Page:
EV ArticlesEV LearningFeatured

Challenges during lithium-ion cell manufacturing plant setup – Part 6

Expansion and diversification of portfolio

Rahul Bollini is writing a series of articles explaining the challenges faced during Lithium-ion cell manufacturing plant setup, which should be relevant to any company entering this field. This article (part 6 of the series) explains the challenges faced by the Lithium-ion cell manufacturing company while planning for expansion and diversification.

Expansion for the same type of cell manufacturing is generally done in a modular way, meaning multiple lines of the same type of equipment are added if the plant is already fully automated. Incase of the plant not being fully automated, automation is deployed to increase the output of the existing equipment.

Less automation allows for more flexibility in the desired output but with some limitations. For example, 15Ah (higher cycle life model) and 16Ah capacity of LFP in 33140 cylindrical form factor scan be produced with the same equipment. Cells with a lower height and similar diameter, such as6Ah of LFP in 32700 cylindrical form factor, can also be produced from the same equipment (some minor changes and tuning required). Additionally, higher and lower gravimetric energy density (Wh)cells can be produced by modifying the inner cell design. LFP cells can reach very close to200Wh/Kg by simply using thinner current collectors and utilising more active material in the cathode and anode slurry composition. But this affects the cycle life, internal resistance, charging speed and will lead to higher temperature rise during operations.

An already well-automated plant running at full capacity utilisation does not have much scope to increase the production capacity. Hence similar size lines are added in more numbers to increase the production capacity. One might ask, what’s the difference in the equipment in the semi-automatic and fully automatic plants? To start with, the mixer capacity would be smaller, and their quantities would be higher in a semi-automatic plant to allow for various formulations and various mixing speeds to produce various types of cells. On the other hand, a fully automatic plant would use a larger capacity to ensure higher homogeneity in the production, and it would focus towards making fewer models of cells.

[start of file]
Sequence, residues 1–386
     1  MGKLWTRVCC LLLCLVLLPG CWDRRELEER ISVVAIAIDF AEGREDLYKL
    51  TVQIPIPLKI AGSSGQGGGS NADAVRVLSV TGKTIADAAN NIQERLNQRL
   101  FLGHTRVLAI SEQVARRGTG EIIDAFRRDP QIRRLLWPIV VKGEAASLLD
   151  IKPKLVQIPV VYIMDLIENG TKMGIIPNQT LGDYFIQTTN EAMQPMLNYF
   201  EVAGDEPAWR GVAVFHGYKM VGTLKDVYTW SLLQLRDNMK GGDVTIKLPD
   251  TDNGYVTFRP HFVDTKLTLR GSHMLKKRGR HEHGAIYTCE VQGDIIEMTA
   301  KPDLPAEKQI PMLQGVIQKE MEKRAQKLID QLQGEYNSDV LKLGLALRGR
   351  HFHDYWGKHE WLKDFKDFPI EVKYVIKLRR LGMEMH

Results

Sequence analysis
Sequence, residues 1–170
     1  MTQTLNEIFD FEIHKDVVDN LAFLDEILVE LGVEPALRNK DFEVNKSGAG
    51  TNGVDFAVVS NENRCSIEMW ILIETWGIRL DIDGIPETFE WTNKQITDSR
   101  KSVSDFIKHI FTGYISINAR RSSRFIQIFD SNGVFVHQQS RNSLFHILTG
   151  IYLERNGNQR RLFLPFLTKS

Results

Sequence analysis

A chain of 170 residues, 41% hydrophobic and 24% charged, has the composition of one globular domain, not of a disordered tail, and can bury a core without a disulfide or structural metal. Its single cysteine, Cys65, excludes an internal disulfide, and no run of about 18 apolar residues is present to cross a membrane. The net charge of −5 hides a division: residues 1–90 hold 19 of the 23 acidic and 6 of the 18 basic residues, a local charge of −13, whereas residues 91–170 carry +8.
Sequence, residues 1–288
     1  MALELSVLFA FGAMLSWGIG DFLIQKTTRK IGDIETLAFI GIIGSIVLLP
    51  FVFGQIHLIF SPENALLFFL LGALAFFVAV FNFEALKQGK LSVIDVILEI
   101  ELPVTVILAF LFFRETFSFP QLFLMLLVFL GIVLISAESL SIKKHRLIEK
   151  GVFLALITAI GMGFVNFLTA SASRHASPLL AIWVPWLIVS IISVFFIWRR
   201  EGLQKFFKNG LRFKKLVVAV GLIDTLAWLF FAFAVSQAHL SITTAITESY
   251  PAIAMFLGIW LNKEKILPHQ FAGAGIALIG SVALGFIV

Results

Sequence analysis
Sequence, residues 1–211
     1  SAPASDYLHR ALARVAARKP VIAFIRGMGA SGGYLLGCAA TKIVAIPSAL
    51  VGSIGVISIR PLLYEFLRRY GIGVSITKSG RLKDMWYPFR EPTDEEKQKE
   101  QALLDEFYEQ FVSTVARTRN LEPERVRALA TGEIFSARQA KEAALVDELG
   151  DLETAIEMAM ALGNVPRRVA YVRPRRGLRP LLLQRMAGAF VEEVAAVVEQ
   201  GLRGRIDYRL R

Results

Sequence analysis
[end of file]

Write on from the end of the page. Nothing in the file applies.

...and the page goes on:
If the system integrator for the plant expansion is different from the previous one, especially during increasing automation levels, it can pose a challenge in bringing the plant to work as per desired output. There could be certain delays and higher wastage of raw material & production output. With changing styles of automation, there are changes in the production styles, and the workforce needs additional training to handle these changes.

For a cell manufacturing company, producing a diverse range of cells is crucial in order to meet the needs of a wider range of applications. Due to their higher energy density (gravimetric and volumetric), voltage, power and cycle life, Lithium-ion batteries are becoming increasingly popular. As a result, many applications are now transitioning to these batteries. But these applications demand different types of Lithium-ion cells. Consider a Lithium-ion cell used in a cell phone versus the one used in an electric bus. These two applications require different form factors, capacities, and chemistries. It can be challenging for a cell manufacturer to produce for both, but selecting applications that use similar parameters for Lithium-ion cells is a simpler task.